I understand the arguments pro and con Singletons, and that's why I don't use them myself and also deprecated them in my initial answer. However, they do offer some advantages when when used with care, which is why some best-of-breed applications such as the MediaWiki engine still use them. The constraint of PHP scoping still exists. For you to call $someObject->method() from another class or function then it must be within the scope of the calling function. There is simply no way around this. So you have some options:

  • If there is only one object of someClass active at any time then you can place this in global scope by a number of methods, the simplest being to copy the object to some global variable, or to use a static method to return this (which all that a classical singleton someClass::get() method does anyway.

  • On the other hand if your have multiple objects that could be putatively in scope, then yes you could pass objects around as parameters, but there is absolutely no need to do this. You could use push method of registering these with the error handler. One example implementation would be to create and error handler class with 4 static methods and a static private variable:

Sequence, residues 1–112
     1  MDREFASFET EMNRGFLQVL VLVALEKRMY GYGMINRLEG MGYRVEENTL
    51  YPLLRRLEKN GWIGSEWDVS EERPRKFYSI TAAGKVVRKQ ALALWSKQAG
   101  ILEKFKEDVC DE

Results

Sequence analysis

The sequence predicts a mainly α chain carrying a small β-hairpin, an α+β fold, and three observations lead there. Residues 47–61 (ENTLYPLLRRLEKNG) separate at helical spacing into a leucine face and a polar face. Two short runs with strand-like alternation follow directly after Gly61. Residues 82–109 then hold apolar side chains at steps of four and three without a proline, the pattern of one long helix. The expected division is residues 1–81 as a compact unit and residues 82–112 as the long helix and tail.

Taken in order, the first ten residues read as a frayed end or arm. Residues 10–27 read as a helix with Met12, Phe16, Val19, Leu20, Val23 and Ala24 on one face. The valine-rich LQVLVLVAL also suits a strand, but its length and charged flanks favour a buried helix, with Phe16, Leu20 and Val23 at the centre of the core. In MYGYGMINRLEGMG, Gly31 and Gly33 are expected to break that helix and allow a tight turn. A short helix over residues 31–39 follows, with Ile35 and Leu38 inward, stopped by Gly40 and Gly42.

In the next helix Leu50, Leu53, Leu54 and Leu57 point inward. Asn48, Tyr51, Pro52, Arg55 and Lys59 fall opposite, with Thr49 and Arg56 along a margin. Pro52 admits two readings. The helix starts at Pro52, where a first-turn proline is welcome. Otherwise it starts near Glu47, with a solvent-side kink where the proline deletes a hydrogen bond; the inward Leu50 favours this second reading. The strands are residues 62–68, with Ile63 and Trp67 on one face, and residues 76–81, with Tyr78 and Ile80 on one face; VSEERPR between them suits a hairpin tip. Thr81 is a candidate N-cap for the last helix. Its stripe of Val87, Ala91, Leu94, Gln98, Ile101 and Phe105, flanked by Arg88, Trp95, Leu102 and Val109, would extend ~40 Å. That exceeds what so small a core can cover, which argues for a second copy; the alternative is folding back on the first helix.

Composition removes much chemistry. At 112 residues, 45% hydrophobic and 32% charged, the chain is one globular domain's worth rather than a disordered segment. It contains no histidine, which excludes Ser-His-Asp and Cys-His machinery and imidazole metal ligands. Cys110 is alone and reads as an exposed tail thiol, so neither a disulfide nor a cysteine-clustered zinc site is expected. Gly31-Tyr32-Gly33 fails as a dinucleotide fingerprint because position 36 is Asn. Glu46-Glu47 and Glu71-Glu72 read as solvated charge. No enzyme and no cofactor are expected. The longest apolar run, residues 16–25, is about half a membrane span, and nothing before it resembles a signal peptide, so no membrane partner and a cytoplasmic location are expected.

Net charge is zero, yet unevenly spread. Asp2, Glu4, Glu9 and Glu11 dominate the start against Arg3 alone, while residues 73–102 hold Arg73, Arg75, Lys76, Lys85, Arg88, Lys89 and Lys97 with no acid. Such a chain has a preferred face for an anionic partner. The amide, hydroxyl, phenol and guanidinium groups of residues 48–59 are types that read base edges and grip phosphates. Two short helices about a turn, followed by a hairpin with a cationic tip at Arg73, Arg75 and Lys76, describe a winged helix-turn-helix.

• myErrorHandler(). The error handler as you describe, but now a static class method.

    • initErrorHandler(). You call this to register the above static method.

    • registerClassCallback($callback), where $callback is a standard array($obj,'method') parameter.

    • unregisterClassCallback($callback), where $callback is the same array($obj,'method') parameter.

    • $registeredCallbacks. A private array of registered callbacks that registerClassCallback() adds to and unregisterClassCallback() removes from. myErrorHandler() can simply do a foreach over this using class_exists() and method_exists() to verify each registered callback is still in scope before calling it.

This will do what you seek. Remember that in php, an object assignment to a variable is effectively a handle to the object. You can copy object (handles) to any variable context. This does not copy or deep copy the underlying object. It is effectively a reference (though subtly semantically different from an true PHP object reference -- but that's a different Q&A).